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He refused to kiss his wife
He tried to tie cherry stems into knots with his tongue. First, on the bus to school, drawn from an infinite pocket. Later, the subway back from work.
He refused to kiss his wife. Not yet. I don’t want to disappoint you.
Pits rolling and crashing into the boots of strangers. Five minutes a cherry, before he’d spit it out for the next. I overworked it, he’d say. That wasn’t the one. Jaw like a wolf and hands like bells.
One day I caught him behind the bleachers at his son’s game. He cradled the knotted stems in his hand like a broken bird. And he admitted it. I can only do it alone. People destroy the beauty of the moment, he cried.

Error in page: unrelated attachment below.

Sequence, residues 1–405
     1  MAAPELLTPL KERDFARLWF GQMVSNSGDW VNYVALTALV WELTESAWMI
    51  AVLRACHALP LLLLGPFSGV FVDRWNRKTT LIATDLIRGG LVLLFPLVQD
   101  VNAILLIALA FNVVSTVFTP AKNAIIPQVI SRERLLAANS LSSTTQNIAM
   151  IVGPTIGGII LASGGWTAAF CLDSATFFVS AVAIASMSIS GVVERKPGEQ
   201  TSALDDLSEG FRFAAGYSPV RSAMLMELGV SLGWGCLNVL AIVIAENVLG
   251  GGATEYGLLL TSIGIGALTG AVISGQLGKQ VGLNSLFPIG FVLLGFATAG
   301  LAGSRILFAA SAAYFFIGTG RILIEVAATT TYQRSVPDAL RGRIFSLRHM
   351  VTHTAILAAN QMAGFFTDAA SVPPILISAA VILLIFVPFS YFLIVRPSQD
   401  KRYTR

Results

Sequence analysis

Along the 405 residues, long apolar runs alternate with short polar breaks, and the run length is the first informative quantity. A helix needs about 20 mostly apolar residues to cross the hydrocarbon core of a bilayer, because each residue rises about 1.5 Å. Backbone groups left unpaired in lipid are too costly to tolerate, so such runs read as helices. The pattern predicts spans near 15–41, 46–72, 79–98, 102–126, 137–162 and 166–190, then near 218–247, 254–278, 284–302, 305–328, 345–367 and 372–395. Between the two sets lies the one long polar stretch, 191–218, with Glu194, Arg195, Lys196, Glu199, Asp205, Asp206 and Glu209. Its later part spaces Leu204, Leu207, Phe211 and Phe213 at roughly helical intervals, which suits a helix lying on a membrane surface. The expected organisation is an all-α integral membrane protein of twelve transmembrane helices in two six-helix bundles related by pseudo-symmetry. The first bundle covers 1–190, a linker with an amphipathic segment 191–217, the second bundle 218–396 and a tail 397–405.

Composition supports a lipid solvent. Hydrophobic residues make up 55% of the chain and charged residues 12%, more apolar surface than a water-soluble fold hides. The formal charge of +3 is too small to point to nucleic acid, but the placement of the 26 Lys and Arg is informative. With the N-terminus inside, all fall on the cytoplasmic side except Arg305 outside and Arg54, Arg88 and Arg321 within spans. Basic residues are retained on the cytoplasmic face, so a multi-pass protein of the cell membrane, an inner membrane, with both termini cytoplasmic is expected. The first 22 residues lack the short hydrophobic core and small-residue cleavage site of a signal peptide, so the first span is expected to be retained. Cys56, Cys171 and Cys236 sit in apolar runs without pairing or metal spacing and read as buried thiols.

The sun was pink and covered half the sky. You’re wrong, I said. You haven’t learned a thing.
I wrote the above story in 2018, almost exactly five years ago. The one missing line was the “He cradled…” line, which I added last year. The story is already pretty dreamy and doesn’t explain things, so including that line is some mercy for the reader, I think.
Stylistically, there are bits that are still in my writing: Sentence fragments, fanatic but innocent protagonists, oddities being socially accepted. I have a lot of affection for this piece.